I have been thinking about and experiencing anxiety recently. Most autistics, children and adults, experience anxiety on a daily if not hourly basis. How we recognise and deal with this varies dramatically. For example, some autistics are able to use physiological symptoms to evaluate their level of anxiety, whereas others are not.
I personally am only aware of my anxiety when I am entering into panic mode. I have physiological symptoms, such as pounding heart, but do not interpret these as anxiety. Like many other autistic adults I am aware of trigger factors that will result in anxiety and/or panic if not managed well. The obvious way to manage trigger factors is to avoid them. However, avoidance can lead to a diminishment in depth and breath of life experience and therefore is not the easy solution that it might seem to be on first glance.
For example, avoiding travelling by plane may seem to be an easy way to avoid the anxiety and/or panic that several of my aspie friends experience when flying. However, for one of them, this would result in their being unable to see their children and grandchildren, who all live in another country. For another, this would slow or stop career progress as travel is required to attend and present at events across Australasia.
I actually quite like flying, and enjoy travelling around the world to see friends, family, work, attend and present at conferences etc. However, taxis and public transport are known sources of anxiety for me. I manage my anxiety in two concurrent ways, which others on the spectrum suggest are also useful to them.
First I harness my detailed aspie planning skills and plan trips in great detail. I save all the information on my phone or iPad and print out a hard copy too. For a recent trip to Vancouver, where I was attending and presenting at a conference, my planning was immense. First I booked my plane ticket and seats online. Then I sourced accommodation via trip advisor, booked this online and checked details of how to get into the accommodation with the owner. Then I printed a plan of Vancouver airport and arranged exactly where I was going to meet a friend (important as I have very poor facial recognition). I emailed this information to her and set about the public transport part of my planning. To do this, I used the trip planner, maps and timetables on http://www.translink.ca/ These were all saved and printed out. All the information was then collated and ordered by when I would need to use it. On arrival, I collected a city map which was carried with me at all times.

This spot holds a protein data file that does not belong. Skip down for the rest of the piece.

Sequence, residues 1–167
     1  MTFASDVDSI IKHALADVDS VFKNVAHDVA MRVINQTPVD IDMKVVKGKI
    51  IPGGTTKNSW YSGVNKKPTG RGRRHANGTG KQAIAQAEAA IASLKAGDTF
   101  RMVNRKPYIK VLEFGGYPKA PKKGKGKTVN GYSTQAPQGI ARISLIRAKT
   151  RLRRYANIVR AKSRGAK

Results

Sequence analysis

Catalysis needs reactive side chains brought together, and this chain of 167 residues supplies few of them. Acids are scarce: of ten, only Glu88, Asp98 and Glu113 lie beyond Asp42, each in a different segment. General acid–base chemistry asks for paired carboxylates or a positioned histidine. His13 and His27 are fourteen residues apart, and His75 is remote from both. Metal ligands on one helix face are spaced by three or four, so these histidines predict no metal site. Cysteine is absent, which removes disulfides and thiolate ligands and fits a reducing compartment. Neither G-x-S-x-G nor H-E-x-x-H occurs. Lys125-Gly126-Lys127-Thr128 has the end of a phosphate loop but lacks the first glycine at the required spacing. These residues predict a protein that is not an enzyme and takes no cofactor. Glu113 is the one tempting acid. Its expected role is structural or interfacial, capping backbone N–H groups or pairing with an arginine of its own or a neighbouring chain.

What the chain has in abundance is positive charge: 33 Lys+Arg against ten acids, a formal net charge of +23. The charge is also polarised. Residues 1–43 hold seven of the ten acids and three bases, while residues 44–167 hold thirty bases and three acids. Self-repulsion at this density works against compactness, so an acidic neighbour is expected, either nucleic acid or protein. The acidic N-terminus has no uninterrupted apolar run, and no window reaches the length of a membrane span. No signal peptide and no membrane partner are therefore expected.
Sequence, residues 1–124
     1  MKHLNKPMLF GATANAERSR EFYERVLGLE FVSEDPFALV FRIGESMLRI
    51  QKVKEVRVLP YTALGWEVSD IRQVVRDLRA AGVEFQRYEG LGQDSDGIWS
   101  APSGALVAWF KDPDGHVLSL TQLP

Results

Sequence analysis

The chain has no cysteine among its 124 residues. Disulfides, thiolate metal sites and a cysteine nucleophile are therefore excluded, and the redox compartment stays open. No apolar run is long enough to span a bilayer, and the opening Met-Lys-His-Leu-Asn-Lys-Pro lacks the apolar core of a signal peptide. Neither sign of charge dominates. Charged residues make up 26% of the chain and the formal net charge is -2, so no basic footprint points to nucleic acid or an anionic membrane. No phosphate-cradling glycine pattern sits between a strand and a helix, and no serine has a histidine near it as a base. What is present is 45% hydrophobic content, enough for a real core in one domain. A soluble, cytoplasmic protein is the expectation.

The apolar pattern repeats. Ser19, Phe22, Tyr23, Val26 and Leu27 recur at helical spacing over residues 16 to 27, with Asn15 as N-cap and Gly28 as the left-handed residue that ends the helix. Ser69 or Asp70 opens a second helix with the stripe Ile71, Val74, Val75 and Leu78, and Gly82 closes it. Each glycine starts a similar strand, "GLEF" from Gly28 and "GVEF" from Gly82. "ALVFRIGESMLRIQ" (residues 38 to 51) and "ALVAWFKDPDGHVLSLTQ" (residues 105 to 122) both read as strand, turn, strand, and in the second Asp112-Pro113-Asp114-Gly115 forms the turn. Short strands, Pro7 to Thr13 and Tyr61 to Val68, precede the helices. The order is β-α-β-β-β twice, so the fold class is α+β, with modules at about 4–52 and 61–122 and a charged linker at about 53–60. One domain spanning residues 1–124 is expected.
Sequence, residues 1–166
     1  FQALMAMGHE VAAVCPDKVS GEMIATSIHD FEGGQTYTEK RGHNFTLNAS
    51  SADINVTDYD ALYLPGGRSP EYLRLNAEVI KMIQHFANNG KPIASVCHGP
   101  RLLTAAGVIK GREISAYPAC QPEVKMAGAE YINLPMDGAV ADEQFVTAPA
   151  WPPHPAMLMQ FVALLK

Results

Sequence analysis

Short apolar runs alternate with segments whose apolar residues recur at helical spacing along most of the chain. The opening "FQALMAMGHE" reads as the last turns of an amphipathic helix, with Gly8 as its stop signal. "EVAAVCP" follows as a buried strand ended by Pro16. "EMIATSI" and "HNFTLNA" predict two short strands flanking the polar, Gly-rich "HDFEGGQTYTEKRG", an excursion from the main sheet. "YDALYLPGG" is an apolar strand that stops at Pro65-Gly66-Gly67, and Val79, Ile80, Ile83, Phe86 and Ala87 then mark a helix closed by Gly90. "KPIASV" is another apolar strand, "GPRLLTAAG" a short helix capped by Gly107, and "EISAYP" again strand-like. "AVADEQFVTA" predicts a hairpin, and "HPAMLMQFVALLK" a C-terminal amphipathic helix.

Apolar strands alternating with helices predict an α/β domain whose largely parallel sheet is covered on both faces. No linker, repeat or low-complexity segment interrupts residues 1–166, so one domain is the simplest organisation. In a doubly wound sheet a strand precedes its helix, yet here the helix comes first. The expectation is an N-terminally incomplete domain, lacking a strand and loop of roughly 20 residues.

The second strategy is to be mindful of my growing panic, stop, do a small breathing mediation to break the fixated thought pattern of arising panic and analyse my possible solutions. This is not possible if the panic is full blown, but as I have got older and more self aware, I am able to identify arising panic.
On arrival at the University of British Columbia, I walked towards where the conference was being held according to my printed out map of the campus. Unfortunately, the map did not include many new buildings and the campus was woefully underserved by signposts. I felt the panic rising up, stopped, did a 10 in/out breathing meditation and surveyed my options;
1. I could panic, I could then have a meltdown
2. I could ask someone where I was meant to be, showing them on the map and my handwritten note on the side of the map of building and room names
3. I could keep walking around repeating over and over, “its ok to be lost, I will find where I am meant to be eventually.”
Intellectually solution 2 seemed to be the most destined for success, so I tried that. Sadly, it was too early for many people to be around and the people I found had no idea where the building was meant to be. I later found out the campus has 45,000 students and large numbers of buildings. Option 1 was looking likely at this point, so I stopped again and had a mini breathing meditation and went for option 3. I found the building (which had a small notice that the conference was being held there), breathed a huge sigh of relief and registered.